The Brown Bookstore’s recent cancellation of its merchandising contract with Nike has returned to prominence the debate over low-wage labor in developing countries. The cancellation stemmed from alleged illegal labor practices on the part of two Nike subcontractors based in Honduras.
While severing business relationships with companies clearly engaged in activities illegal in the countries in which they occur is legitimate, this incident should not become the basis for a wider backlash against the purchase of manufactured goods from developing countries. The fact of the matter is that though sweatshops are frequently criticized, they provide the best chance for short-run alleviation of poverty and long-run economic development in their host countries.
The arguments against the consumption of goods made through sweatshop labor are replete with false dichotomies. A centerpiece of this opposition is the argument that sweatshops are abhorrent because they employ child labor. While a factory in the developed world with such practices would be quickly and rightly condemned, this contention does not hold with overseas sweatshops because it relies on the assumption that children not working in sweatshops would not be working at all — an assumption that is demonstrably false.
Far from improving the plight of children previously employed in sweatshops, forced layoffs frequently relegate them to far worse circumstances. In tracking the overall welfare of thousands of children fired in Bangladesh in 1993 as a consequence of political pressure, UNICEF found that many of these children, being too impoverished not to work, had gone into prostitution and petty theft. While rescuing child laborers from dangerous conditions is a noble goal, attempts to remove sweatshops are often tragically counterproductive in this effort.
Anti-sweatshop activists also point out that the wages of garment workers in sweatshops are paltry compared with those of their counterparts in the developed world. While this is true, it is irrelevant, since sweatshop workers do not possess the option to work in a developed country. The only comparison of wages that is relevant in this case is that of sweatshop workers with the average wage of home country workers. According to a 2004 study, the wages paid in sweatshops exceeded the average national income in nine out of the eleven countries examined, including four countries — Honduras among them — with sweatshop wages doubling the national average.
In light of this, the common criticism that sweatshop workers possess little job security becomes better understood. Laborers in sweatshops are frequently fired over minor infractions for the same reason that higher worker turnover rates prevail in periods of high unemployment anywhere. When the demand for a low-skill job is high, the incentives not to fire and replace a worker are minimal.
Aside from the factual inconsistencies in the rationale of opposition to sweatshop-made goods, there is also an element to the rhetoric that treats sweatshop workers as if they do not possess free will or the ability to leave the sweatshop. Many anti-sweatshop arguments gloss over the point that the worker, in choosing to work in a sweatshop, sees it as preferable to the alternative, which often involves subsistence agriculture or other dangerous manual labor. While working in a sweatshop strikes anyone in a developed economy as terrible, it is for many in the developing world a step up from the conditions in which they previously lived.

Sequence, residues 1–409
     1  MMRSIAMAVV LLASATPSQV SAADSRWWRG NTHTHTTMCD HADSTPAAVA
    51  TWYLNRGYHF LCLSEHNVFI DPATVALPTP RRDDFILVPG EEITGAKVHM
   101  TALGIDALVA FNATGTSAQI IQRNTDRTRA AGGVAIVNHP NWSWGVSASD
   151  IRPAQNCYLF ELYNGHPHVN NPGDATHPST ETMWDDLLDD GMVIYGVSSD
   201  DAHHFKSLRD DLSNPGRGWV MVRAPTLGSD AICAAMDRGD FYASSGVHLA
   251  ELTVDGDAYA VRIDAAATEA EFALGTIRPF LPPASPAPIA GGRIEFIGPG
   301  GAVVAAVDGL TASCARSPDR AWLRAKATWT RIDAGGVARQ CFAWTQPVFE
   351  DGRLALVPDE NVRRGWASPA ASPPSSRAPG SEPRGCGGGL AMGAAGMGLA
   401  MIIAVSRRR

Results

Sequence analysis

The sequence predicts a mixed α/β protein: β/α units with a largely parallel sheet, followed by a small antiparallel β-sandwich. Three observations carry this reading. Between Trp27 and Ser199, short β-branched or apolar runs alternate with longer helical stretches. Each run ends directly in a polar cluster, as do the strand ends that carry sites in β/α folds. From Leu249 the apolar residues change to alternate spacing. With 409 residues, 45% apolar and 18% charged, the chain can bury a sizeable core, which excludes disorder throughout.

Furthermore, one must remember that the United States and the United Kingdom also went through a phase of low-wage industrialization in their own economic histories, as did virtually all advanced economies that did not develop by way of oil wealth.
In the late 20th century, the world saw the stratospheric rise of Japan, South Korea, Singapore and Hong Kong through the exact same process. To prevent other countries from developing along the same trajectory that wealthy nations have already taken by refusing to purchase their goods is, in effect, to punish them unfairly for coming into the game too late.
While anti-sweatshop activists mean well in their efforts to raise the quality of life in poorer countries, the policies that they espouse as means to this end would have disastrous effects on the economies of the developing world if applied on a large scale. The arguments against sweatshops are based largely on appeals to emotion, with context and consequences often falling by the wayside. Until a viable alternative method of development can be offered, campaigns against sweatshops will continue to backfire, harming the very people they intend to help.
Hunter Fast ’12 is an economics concentrator who strongly supports free immigration, but that’s a topic for another column.